Browsers have included focus indicators for many years and people are accustomed to seeing them when tabbing through a webpage and using forms.
- Provide ways to help users navigate, find content, and determine where they are
- Focus helps users with cognitive difficulties
- Young people, seniors benefit
- Helpful in low light, mobile devices or distracting environments
Browsers started it, don't break the browser
Browsers have included focus indicators for many years and people are accustomed to seeing them when tabbing through a webpage and using forms. All browsers display the indicator in slightly different ways, but the current consensus seems to be a soft, glowing blue line or a fine dotted black line. The purpose of focus in a web browser is to show an element on a webpage has focus, meaning that any other actions taken by the user will be on the item with focus. So a form field that has focus will receive the letters typed, a link with focus will be activated with the return key, etc.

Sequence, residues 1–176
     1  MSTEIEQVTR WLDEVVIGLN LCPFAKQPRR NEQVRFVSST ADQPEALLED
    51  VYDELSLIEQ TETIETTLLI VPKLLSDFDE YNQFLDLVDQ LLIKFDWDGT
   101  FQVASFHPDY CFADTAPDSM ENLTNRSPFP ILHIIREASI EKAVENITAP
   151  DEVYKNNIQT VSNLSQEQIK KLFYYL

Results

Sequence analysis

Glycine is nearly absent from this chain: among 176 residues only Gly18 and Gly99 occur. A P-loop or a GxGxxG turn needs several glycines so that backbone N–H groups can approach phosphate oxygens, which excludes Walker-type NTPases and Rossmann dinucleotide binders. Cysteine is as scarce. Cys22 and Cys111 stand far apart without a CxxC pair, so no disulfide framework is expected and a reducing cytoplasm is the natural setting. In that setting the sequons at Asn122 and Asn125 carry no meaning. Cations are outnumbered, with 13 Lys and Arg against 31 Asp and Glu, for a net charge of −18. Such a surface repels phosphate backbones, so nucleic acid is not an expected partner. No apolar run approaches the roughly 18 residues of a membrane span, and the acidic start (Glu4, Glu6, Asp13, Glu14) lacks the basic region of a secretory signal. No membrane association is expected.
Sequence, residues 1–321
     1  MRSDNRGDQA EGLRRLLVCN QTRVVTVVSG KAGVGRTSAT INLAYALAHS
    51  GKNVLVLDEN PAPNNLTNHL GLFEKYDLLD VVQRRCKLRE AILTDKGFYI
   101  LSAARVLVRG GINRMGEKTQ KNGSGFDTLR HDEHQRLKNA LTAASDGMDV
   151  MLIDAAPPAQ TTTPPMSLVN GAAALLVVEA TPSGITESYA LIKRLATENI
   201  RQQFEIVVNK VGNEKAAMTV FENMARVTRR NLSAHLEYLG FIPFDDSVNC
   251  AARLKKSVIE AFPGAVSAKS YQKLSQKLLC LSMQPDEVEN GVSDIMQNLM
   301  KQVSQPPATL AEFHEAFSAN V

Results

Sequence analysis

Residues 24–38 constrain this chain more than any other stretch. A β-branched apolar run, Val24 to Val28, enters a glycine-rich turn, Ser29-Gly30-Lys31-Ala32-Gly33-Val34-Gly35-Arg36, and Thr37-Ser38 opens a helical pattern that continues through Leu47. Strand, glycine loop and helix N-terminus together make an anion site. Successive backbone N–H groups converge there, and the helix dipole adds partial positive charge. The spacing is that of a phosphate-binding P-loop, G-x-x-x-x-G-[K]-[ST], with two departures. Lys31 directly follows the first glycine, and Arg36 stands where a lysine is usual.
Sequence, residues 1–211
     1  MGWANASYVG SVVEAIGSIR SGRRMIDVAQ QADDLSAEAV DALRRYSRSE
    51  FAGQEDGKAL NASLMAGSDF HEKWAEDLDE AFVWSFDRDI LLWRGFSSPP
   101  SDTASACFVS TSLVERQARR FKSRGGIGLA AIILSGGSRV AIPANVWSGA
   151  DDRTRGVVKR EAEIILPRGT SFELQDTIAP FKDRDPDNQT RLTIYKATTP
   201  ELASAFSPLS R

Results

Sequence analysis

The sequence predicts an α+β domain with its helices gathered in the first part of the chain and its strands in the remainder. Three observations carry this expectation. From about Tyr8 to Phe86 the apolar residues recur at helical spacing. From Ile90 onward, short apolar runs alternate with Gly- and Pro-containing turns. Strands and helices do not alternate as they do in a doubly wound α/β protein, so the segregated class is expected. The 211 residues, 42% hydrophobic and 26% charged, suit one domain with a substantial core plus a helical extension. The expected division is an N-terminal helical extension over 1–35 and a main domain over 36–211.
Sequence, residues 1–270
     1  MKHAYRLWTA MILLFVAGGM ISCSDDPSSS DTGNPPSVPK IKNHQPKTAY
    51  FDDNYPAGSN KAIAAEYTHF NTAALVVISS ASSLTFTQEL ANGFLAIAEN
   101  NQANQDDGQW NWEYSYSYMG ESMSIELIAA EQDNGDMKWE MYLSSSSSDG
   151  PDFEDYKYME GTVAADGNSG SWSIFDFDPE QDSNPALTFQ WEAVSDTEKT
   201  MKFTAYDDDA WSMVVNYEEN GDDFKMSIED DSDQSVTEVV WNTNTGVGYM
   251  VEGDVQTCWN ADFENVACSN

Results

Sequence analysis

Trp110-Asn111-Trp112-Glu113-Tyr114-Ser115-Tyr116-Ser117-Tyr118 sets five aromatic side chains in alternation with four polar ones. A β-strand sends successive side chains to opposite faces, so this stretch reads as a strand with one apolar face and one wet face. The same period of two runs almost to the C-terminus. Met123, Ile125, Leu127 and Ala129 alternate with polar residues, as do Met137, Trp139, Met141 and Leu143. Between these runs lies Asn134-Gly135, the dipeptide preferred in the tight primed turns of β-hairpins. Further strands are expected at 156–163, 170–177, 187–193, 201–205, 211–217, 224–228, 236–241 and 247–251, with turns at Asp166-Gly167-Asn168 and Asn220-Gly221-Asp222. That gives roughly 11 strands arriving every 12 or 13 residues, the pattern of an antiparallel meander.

Removing or adversely modifying the focus indicator removes the "you are here" function it supplies.
In addition to preserving focus, it is useful to extend it, by one or more of the following:
- Increasing the visibility, contrast or style of focus e.g. strong background or text colour change.
- Extending the
hoverstate common to mouse movement to the focus state e.g.
- Normalising focus across different browsers.
- Show focus in applications and controls and not just forms and links.